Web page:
We're in the place where baskets full of jellybeans are hidden while kids giggle and try to find them.

 

We're in the place where Christmas Carols are playing, and our hearts are warm.

 

We're in the place where a lit tree twinkles and reminds us of stars over a manger.

 

The Psalmist couldn’t enjoy the presence of God because of what he was choosing to focus his mind on. It wasn't God; it was other people.

 

May we learn from the Psalmist. May we be careful that good thinking is what leads our train for from good thoughts, good feelings will flow. 

 

And that is how Easter stays alive in our hearts. That is how it's possible to celebrate Christmas all year long. He never leaves us. We just need to make sure we think more about Him than we do about anyone or anything else.

 

Would you pray with me?

 

"Father, we are grateful that we were able to celebrate Easter. But we confess that the "Easter feeling" can fade. That truth makes us more grateful that You offer to do the heavy lifting in the relationship.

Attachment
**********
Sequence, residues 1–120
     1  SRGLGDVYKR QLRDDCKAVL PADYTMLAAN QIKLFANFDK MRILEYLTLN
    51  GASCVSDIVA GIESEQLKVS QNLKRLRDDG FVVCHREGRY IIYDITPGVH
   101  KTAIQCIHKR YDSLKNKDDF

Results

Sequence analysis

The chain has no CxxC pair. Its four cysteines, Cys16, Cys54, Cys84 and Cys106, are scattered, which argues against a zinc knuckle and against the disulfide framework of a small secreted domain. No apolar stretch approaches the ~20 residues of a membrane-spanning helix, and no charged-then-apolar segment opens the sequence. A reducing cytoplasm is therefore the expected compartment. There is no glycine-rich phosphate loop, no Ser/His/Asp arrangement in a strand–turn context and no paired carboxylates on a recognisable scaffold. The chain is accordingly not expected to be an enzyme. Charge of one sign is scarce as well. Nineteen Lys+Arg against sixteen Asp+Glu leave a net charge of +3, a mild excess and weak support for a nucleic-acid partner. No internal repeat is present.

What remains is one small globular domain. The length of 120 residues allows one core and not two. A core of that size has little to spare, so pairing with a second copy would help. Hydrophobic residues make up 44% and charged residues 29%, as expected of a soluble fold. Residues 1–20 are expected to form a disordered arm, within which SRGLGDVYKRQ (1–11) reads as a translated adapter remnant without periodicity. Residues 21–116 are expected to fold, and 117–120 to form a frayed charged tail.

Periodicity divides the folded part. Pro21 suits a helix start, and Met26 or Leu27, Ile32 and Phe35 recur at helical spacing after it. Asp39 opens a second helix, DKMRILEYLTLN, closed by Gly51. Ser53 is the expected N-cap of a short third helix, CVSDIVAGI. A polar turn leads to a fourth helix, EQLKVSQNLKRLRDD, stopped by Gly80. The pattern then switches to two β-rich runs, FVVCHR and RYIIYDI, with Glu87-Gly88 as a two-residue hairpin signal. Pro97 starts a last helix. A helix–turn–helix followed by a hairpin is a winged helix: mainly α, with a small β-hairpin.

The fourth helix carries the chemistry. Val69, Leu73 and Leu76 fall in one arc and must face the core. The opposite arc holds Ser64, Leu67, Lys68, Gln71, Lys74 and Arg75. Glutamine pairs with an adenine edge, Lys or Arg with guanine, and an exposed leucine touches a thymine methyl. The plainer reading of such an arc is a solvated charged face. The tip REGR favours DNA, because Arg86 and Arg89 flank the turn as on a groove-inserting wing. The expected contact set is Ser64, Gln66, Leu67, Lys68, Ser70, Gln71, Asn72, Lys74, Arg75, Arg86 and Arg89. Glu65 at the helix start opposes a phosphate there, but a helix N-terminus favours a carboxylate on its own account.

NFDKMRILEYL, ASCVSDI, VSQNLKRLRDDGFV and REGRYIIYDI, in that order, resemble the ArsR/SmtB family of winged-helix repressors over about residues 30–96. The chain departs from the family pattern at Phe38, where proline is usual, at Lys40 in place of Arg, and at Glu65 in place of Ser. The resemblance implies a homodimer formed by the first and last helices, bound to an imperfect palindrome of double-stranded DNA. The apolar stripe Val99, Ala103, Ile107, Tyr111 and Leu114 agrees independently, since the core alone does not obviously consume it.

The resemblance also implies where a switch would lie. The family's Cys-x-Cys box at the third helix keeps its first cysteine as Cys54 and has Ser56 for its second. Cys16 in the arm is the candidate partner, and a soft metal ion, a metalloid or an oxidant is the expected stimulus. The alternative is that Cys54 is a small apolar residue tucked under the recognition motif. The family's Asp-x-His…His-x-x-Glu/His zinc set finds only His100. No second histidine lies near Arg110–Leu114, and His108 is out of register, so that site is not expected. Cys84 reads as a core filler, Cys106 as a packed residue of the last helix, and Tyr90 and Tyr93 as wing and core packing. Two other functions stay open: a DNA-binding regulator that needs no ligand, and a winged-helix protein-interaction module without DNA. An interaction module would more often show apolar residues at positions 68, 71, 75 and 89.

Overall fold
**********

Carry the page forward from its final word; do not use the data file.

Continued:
The NIV version of our Scripture says it this way:
 
"Whom have I in heaven but you? And earth has nothing I desire besides you. My flesh and my heart may fail, but God is the strength of my heart and my portion forever."
 
Thank you, Father, that we only need to come to You and confess our weaknesses just as we confess our desire to be near to You. You promise to take over. You take our hands. You wisely and tenderly lead us. You are the strength of our hearts. You are our portion.
 
May we believe that Easter is ours to experience every single day. Not because of what we can do but because of who You are. In Jesus' Name, Amen."
2 Comments
  • Faye Lynch

    You know how I love Christmas, so this touched my heart with truths we all need to remember each and every day. We so easily slip and focus on something or someone else other than the presence of our good God. Thanks, Cindy!

    May 5, 2022